Goal 2: Reduce Human Disease

Prevent cytopenia in septic patients

Sepsis is the leading cause of death in critically ill patients in the USA, affecting particularly young children and the elderly. A hallmark of septic shock patients upon diagnosis is peripheral blood cytopenia. This persistent cytopenia commonly affects myeloid, lymphoid and erythroid lineages resulting in immunosuppression and is a well-established predictor of fatal outcome. Clinical trials targeting the production ...more »

Submitted by (@ben.croker)

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Goal 3: Advance Translational Research

Tools to facilitate availability and safe use of innovative blood products and their analogs

Novel blood products are being developed based on innovative science (e.g., ex vivo manufactured RBC and platelets, and platelet and plasma derived hemostatic products). However, there is a significant lag in the development of appropriate tools and model systems, which poses a challenge when evaluating such products for regulatory approval.

Submitted by (@chintamani.atreya)

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Goal 1: Promote Human Health

Study wellness instead of diseases by longitudinal follow-up of frequent and long term blood donors

Blood donors (especially young donors) in general represent healthy populations. Longitudinal follow-up of frequent and long term blood donors can be useful to establish data and sample sources for the study of wellness, instead of disease (especially for blood diseases). Not only it can be used as healthy controls, it can also be used to predict the wellness factors such as genetic variation, life style, exercise patterns, ...more »

Submitted by (@yanyunw)

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Goal 3: Advance Translational Research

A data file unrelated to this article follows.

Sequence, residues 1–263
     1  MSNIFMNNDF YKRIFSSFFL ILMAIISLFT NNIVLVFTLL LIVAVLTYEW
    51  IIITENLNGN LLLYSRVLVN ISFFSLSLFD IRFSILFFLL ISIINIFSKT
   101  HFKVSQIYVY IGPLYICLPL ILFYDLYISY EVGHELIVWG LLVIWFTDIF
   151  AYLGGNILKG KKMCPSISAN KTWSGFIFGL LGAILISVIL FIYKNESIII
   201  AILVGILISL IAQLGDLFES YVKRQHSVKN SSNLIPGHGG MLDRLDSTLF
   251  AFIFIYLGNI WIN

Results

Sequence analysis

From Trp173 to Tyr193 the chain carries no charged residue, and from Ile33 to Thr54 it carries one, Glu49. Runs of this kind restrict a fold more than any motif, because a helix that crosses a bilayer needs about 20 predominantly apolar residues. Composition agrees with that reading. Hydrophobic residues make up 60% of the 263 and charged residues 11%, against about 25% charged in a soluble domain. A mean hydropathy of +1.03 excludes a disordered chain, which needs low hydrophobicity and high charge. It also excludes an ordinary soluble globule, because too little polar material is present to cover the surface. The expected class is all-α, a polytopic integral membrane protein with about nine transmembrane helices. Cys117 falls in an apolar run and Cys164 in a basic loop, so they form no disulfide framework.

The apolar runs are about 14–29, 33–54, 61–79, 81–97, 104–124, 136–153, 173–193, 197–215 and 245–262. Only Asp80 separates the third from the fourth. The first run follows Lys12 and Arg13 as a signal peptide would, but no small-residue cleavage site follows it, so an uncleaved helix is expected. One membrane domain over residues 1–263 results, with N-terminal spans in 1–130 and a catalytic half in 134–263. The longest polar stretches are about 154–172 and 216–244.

Research Opportunities in HLB to Facilitate Aging in Place

There is a need for greater evidence-based research over the next 5-10 years to reduce healthcare costs, reduce hospitalizations, and support older persons with significant heart, lung, blood, sleep conditions to remain in their private homes if feasible, if technology is utilized that fosters clinical and epidemiologic research.

Submitted by (@nhlbiforumadministrator1)

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Goal 3: Advance Translational Research

To find specific medical therapies to treat the wide array of human vascular malformations and vascular tumors.

Vascular malformations and vascular tumors, together referred to as vascular anomalies, comprise a complex and wide array of diseases in which there is a fundamental disruption in blood and lymphatic vasculature. The lesions disrupt organ function, destroy tissue, cause bleeding, increase infections and can threaten life. At present, there are some medical therapies but none are specifically targeted to an underlying ...more »

Submitted by (@joyce.bischoff)

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Goal 3: Advance Translational Research

Implementation Research to Improve Global Availability of Safe Blood Transfusions

What well-developed principles and lessons learned can be employed to improve the safety and availability of blood transfusions in developing countries? The WHO Global Status Report 2013, many research reports, and a recent assessment of burdens of transfusion transmissible infections with HIV, HBV and HCV identified several critical challenges: 1) Significant proportions of blood collections in a large number of countries ...more »

Submitted by (@nhlbiforumadministrator)

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Goal 2: Reduce Human Disease

Would patients with pulmonary arterial hypertension (PAH) benefit from background anticoagulation in addition to their PAH-targe

Pulmonary hypertension (PH) is a complex, progressive condition characterized by high blood pressure in the lungs. For several decades, oral anticoagulation has been recommended by some societies for patients with a specific form of PH called pulmonary arterial hypertension. However, the evidence currently supporting this recommendation is very limited. To date, no prospective randomized clinical trial has been completed ...more »

Submitted by (@katherinek)

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Goal 2: Reduce Human Disease

Anemia, oxygen delivery, and red blood cell transfusion

In neonatal, pediatric, and adult patients with critical illness, what is the best means to identify: (1) the degree to which anemia contributes to insufficient oxygen (O2) delivery and (2) the likelihood that O2 delivery will be improved by red blood cell (RBC) transfusion? These questions are most relevant to critically ill populations that exhibit unique physiology, including those with low cardiac output (cardiac ...more »

Submitted by (@nareg.roubinian)

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